External developers can now integrate Google's Goo.gl URL shortening service into their websites and online applications through a just-released API (application programming interface).
In addition to letting their users shrink long Web addresses and share links to them, external developers will be able to give users access to their URL shortening history and analytics, Google said Monday in a blog post.
"You could use these features for a wide variety of applications, enabling behaviors ranging from auto-shortening within Twitter or Google Buzz clients to running regular jobs that monitor your usage statistics and traffic patterns," wrote Google official Ben D'Angelo.
URL shorteners like Goo.gl and Bitly let people turn long, unwieldy website addresses into shorter links that fit in the status updates they post on social networking sites like Facebook and Twitter.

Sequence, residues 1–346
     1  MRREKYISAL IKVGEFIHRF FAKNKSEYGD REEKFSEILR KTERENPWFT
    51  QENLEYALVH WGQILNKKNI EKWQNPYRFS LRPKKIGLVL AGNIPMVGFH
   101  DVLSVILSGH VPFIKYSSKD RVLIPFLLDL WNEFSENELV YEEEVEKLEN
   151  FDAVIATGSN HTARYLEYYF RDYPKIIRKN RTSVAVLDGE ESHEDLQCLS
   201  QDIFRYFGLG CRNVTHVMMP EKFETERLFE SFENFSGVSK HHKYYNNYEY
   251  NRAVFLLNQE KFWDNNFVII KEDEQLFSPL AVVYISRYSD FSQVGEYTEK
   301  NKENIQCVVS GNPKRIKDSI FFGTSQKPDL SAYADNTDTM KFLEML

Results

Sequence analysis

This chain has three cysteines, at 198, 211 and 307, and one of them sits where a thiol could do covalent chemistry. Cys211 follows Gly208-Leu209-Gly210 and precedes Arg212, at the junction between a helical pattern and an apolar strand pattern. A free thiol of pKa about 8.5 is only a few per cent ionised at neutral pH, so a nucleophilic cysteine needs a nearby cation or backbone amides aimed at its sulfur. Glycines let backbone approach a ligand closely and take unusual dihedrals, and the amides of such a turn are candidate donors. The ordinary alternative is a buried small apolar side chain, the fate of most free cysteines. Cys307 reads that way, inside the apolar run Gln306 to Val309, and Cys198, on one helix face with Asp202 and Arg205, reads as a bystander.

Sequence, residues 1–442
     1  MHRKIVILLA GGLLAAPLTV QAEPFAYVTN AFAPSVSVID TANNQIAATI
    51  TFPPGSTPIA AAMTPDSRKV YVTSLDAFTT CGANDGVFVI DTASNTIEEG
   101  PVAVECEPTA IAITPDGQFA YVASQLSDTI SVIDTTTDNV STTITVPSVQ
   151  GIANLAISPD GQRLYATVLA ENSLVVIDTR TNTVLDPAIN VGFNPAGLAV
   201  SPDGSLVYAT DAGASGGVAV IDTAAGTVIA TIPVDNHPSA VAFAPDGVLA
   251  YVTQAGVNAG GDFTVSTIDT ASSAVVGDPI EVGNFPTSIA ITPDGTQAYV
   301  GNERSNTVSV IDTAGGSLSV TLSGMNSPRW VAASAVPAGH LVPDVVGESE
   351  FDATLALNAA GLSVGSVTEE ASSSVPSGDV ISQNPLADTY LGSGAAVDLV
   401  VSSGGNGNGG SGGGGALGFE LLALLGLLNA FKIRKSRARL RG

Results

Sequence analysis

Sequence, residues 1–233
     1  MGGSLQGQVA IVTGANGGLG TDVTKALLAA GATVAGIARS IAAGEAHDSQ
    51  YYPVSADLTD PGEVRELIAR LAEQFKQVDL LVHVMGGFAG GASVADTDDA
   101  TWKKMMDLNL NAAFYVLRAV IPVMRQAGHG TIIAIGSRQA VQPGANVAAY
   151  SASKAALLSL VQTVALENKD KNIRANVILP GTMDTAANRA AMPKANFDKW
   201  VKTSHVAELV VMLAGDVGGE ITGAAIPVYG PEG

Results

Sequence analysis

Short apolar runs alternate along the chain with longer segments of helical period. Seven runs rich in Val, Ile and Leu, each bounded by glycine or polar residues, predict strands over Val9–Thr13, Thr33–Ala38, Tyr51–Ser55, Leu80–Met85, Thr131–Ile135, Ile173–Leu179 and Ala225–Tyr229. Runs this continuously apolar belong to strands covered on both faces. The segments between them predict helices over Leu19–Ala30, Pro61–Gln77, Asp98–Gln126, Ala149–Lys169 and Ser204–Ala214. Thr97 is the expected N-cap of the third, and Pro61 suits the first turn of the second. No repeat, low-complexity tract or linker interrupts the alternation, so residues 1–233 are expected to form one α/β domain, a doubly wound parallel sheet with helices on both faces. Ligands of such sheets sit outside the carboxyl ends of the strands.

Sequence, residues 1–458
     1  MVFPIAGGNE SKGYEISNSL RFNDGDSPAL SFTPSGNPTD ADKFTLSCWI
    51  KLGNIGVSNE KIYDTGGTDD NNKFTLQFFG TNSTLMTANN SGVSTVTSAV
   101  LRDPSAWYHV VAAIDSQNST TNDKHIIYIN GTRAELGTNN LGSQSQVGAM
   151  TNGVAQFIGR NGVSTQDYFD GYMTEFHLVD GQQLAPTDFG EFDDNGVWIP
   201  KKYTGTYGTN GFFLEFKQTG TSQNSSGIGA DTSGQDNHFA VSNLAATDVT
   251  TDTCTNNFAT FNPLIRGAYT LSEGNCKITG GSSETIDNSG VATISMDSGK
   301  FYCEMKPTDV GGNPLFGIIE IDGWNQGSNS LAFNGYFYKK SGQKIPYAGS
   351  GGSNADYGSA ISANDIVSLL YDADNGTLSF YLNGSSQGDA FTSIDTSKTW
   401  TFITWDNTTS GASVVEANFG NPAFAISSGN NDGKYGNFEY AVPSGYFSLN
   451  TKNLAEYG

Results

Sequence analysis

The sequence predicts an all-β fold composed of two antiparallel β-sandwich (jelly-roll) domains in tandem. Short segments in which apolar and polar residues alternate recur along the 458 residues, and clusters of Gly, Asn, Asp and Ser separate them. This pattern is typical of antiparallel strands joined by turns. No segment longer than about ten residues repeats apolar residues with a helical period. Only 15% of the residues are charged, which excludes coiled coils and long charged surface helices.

However, because these shrunk URLs don't contain the domain name of the site they link to, they have been exploited at times by malicious hackers to trick people into clicking over to malware-laced pages and fraudulent phishing sites.
It's a known issue that all major providers of URL shortening services are aware of and addressing. "We're continuing to work on several usability improvements and to make our auto-detection of spammy or malicious content even more robust," D'Angelo wrote.